A PROOF THEORY FOR DESCRIPTION LOGICS SPRINGERBRIEFS IN COMPUTER SCIENCE
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Description Logics (DLs) is a family of formalisms used to represent knowledge of a domain. They are equipped with a formal logic-based semantics. Knowledge representation systems based on description logics provide various inference capabilities that deduce implicit knowledge from the explicitly represented knowledge. A Proof Theory for Description Logics introduces Sequent Calculi and Natural Deduction for some DLs (ALC, ALCQ). Cut-elimination and Normalization are proved for the calculi. The author argues that such systems can improve the extraction of computational content from DLs proofs for explanation purposes.
Since the advent of the Semantic Web, interest in the dynamics of ontologies (ontology evolution) has grown significantly. Belief revision presents a good theoretical framework for dealing with this problem; however, classical belief revision is not well suited for logics such as Description Logics. Belief Revision in Non-Classical Logics presents a framework which can be applied to a wide class of logics that include – besides most Description Logics such as the ones behind OWL – Horn Logic and Intuitionistic logic, amongst others. The author also presents algorithms for the most important constructions in belief bases. Researchers and practitioners in theoretical computing will find this an invaluable resource.
Adapted from a modular undergraduate course on computational mathematics, Concise Computer Mathematics delivers an easily accessible, self-contained introduction to the basic notions of mathematics necessary for a computer science degree. The text reflects the need to quickly introduce students from a variety of educational backgrounds to a number of essential mathematical concepts. The material is divided into four units: discrete mathematics (sets, relations, functions), logic (Boolean types, truth tables, proofs), linear algebra (vectors, matrices and graphics), and special topics (graph theory, number theory, basic elements of calculus). The chapters contain a brief theoretical presentation of the topic, followed by a selection of problems (which are direct applications of the theory) and additional supplementary problems (which may require a bit more work). Each chapter ends with answers or worked solutions for all of the problems.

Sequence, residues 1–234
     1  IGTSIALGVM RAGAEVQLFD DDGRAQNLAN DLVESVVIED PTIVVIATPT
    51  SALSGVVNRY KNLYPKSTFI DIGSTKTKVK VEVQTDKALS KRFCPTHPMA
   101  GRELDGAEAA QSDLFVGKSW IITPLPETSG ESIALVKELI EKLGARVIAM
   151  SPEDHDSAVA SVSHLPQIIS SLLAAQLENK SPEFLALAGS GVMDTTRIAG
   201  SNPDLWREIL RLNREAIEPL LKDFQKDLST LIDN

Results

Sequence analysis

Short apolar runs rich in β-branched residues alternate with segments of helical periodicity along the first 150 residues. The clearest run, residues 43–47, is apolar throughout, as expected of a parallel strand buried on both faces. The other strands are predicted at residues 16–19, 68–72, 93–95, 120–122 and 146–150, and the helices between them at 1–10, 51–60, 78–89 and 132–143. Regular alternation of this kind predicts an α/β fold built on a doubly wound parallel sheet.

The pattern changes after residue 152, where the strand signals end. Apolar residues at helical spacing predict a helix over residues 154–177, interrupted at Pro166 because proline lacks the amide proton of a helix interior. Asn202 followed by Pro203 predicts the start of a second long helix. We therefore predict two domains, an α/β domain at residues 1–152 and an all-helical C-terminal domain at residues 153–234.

This Brief presents steps towards elaborating a new interpretation of quantum mechanics based on a specific version of Łukasiewicz infinite-valued logic. It begins with a short survey of main interpretations of quantum mechanics already proposed, as well as various models of many-valued logics and previous attempts to apply them for the description of quantum phenomena. The prospective many-valued interpretation of quantum mechanics is soundly based on a theorem concerning the isomorphic representation of Birkhoff-von Neumann quantum logic in the form of a special Łukasiewicz infinite-valued logic endowed with partially defined conjunctions and disjunctions.
This volume considers the computational complexity of determining whether a system of equations over a fixed algebra A has a solution. It examines in detail the two problems this leads to: SysTermSat(A) and SysPolSat(A), in which equations are built out of terms or polynomials, respectively. The book characterizes those algebras for which SysPolSat can be solved in a polynomial time. So far, studies and their outcomes have not covered algebras that generate a variety admitting type 1 in the sense of Tame Congruence Theory. Since unary algebras admit only type 1, this book focuses on these algebras to tackle the main problem. It discusses several aspects of unary algebras and proves that the Constraint Satisfaction Problem for relational structures is polynomially equivalent to SysTermSat over unary algebras. The book’s final chapters discuss partial characterizations, present conclusions, and describe the problems that are still open.